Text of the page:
Breaking: FXPIG moves from New Zealand to Vanuatu
Citing increasing regulatory demands, FXPIG has relocated its operations from New Zealand to the Pacific island of Vanuatu after 7 years in establishment
After nearly six years of operations in New Zealand, under the FSPR, FXPIG is moving.
According to the company’s CEO Kevin Murcko, this tactical relocation is an initial step with an end goal of expanding its footprint and evolving the firm’s brand in light of the ever-changing global marketplace.
“The ability to grow WITH a regulator is a key, as over-bloated regulations can end up being a hindrance rather than a virtue” stated Mr. Murcko in a corporate statement today.
In May of 2016, Prime Intermarket Group Asia Pacific Ltd, an FXPIG Group Company, was issued a Principal’s License for dealing in securities, granted by the Minister of Finance and Economic Development of Vanuatu, under the arm of the Vanuatu Financial Services Commission.
Established in October 2009 by Mr. Murcko in Auckland, New Zealand, the acronym PIG stood for Premier Interchange Gateway, a term which earned the firm significant presence via its branding.
Mr. Murcko previously spent almost 8 years as a currency trader where he worked for himself trading all three major sessions with a focus on technicals including volume spread analysis, GANN lines, and support and resistance studies.
It certainly appears that New Zealand did not ultimately emulate Australia’s lead in which the regulatory ‘clean up’ which involved the inauguration of the Financial Markets Authority did not attract good quality and well established firms to remain in New Zealand, which is what ASIC achieved in Australia.
ASIC’s highly advanced and well organized system of regulation created one of the most secure and desirable locations from which to operate an FX brokerage, however New Zealand by contrast has experienced an exodus of firms to non-regulated regions.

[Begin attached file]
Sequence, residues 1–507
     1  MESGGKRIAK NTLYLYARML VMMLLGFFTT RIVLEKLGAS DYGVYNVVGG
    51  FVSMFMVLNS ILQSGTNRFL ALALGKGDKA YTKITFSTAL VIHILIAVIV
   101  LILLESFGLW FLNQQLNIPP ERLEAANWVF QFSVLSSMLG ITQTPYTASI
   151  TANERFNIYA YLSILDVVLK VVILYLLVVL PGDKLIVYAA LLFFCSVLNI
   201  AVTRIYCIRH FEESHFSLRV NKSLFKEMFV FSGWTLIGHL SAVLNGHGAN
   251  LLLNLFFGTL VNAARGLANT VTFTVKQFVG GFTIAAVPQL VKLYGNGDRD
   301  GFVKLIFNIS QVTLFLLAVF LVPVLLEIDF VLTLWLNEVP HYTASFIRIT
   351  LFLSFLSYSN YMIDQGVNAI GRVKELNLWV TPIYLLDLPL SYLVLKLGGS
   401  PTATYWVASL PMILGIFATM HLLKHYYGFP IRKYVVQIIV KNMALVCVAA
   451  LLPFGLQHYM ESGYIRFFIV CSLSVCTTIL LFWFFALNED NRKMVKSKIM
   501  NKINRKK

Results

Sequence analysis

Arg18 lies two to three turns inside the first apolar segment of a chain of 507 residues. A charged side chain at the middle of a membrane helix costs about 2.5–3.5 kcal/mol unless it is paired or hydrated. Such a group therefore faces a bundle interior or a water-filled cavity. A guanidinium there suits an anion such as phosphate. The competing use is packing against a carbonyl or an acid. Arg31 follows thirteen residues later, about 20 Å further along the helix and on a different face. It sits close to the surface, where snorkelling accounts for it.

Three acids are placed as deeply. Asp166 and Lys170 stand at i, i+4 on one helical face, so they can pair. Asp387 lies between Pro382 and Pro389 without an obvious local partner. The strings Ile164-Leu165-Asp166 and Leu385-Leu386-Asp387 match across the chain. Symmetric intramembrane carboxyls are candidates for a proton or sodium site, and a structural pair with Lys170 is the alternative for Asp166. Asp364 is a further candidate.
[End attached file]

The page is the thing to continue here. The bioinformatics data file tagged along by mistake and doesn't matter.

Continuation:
New Zealand did not manage to retain the interest of brokerages once the overhaul of regulations took place, largely due to the stipulations imposed on brokers as well as the regulatory capital requirements that were invoked meant that there was no advantage for brokers to remain in New Zealand when they could instead obtain an ASIC license in Australia at a time during which the Australian authorities were (and still are) considered more astute.
Had this panned out differently, New Zealand’s FX industry could be somewhat different, as if this flight may not have occurred, and the highly recognized banking sector, non-corrupt jurisdiction and skilled staff would have perhaps been a boon to local brokerages.
Vanuatu, a Pacific Island jurisdiction 1750km north of the Australian coastline has become the latest place of interest, whereas others have sought offshore regions such as St Vincent & The Grenadines.